FCPA Compliance and Ethics Blog

May 5, 2011

Buffet, Sokol and Reporting to the SEC

In the post on Tuesday we wrote and discussed several points about Warren Buffet, Berkshire Hathaway and David Sokol. One of the issues was disclosure to the Securities and Exchange Commission (SEC) of any possible securities violations. Another issue was the support provided by Warren Buffet at the time of the resignation of David Sokol in March. Writing in the DealB%K column of the New York Times on May 2, Andrew Ross Sorkin, said that one of Warren Buffet’s mantras is “Lose money for the firm and I will be understanding; lose a shred of reputation for the firm and I will be ruthless.”

The public support given by Buffet to Sokol after his resignation certainly appeared at odds with this mantra. As quoted in the Wall Street Journal, when company executive David Sokol resigned on March 30, Buffet said that he thought Sokol’s actions were not “in any way unlawful” when Sokol purchased stock in a company, Lubrizol, that he later recommended his employer, Berkshire-Hathaway, purchase. However, is his article, Sorkin said that he had come to another understanding. Sorkin quoted an unnamed friend of Buffet who said, “Warren knew that the second that press release hit the wires, Sokol’s professional career was over…If you worked at Berkshire-Hathaway, you got the message loud and clear.”

It may still seem that Buffet’s public pronouncement of support is inconsistent with the stated ‘understanding’ of Berkshire-Hathaway employees. Indeed Buffet’s partner Charlie Munger said, “I think we can concede that that press release was not the cleverest press release in the history of the world.” He went on to say “The facts were complicated, and we didn’t foresee appropriately the natural reaction.” One might suppose the natural reaction to which Munger is referring is that if you publicly support an ex-employee, it is not a sign of criticism.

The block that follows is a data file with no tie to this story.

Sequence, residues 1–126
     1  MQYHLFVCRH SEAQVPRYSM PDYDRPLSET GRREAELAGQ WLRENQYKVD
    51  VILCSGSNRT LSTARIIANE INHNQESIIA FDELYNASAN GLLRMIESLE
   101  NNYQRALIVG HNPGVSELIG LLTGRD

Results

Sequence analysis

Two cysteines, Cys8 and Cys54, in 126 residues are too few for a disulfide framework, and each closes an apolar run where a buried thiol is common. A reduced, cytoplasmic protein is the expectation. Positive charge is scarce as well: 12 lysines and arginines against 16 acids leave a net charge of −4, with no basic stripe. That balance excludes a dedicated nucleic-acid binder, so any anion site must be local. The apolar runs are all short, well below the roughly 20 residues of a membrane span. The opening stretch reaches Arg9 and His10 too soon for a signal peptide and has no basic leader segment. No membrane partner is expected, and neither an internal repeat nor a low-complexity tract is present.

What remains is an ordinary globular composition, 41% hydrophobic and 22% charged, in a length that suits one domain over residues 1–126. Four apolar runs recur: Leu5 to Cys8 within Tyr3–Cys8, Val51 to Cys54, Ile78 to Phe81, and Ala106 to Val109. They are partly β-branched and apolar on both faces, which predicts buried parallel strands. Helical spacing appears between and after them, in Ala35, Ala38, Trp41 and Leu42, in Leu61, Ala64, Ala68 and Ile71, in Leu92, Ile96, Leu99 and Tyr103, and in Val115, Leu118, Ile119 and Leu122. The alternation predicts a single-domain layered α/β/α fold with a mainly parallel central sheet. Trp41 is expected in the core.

Tempering all of this, as reported by Sorkin, is that even when making this public pronouncement of support, Buffet was notifying the SEC about Sokol’s conduct. Sorkin reported that “the day he issued the release, Berkshire called the Securities and Exchange Commission and briefed them on Mr. Sokol’s trades, which Mr. Buffett described to me as “pretty damning evidence.” “Calling the head of the enforcement division of the S.E.C. and laying out a pattern of trading that you know is going to result in something — Dave [Sokol] probably thought it was pretty harsh,” Mr. Buffett told me. The SEC. is now investigating the matter, people briefed on the inquiry said. In a statement after the Berkshire meeting, a lawyer for Mr. Sokol issued a statement, saying “the stock trades did not violate the law or Berkshire policy.”

Sorkin also reported that “As for Berkshire’s compliance programs, which are not nearly as tough as those at most investment firms, Mr. Buffett clearly believes that he must run his company based on a modicum of trust. “We can have all the records in the world and if somebody wants to trade outside them or something, you know, they’re not going to tell us they’re trading in their cousin’s name,” Mr. Buffett said. Mr. Munger added. “I think your best compliance cultures are the ones which have this attitude of trust and some of the ones with the biggest compliance departments, like Wall Street, have the most scandals.”

We certainly applaud the fact that Buffet timely notified the SEC. However, to publicly praise someone for conduct which may have violated securities law and led to that employee’s resignation and expect such praise to send a signal of reproach still leaves us, as it did initially with Andrew Ross Sorkin, “scratching my head about his reaction.”

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© Thomas R. Fox, 2011

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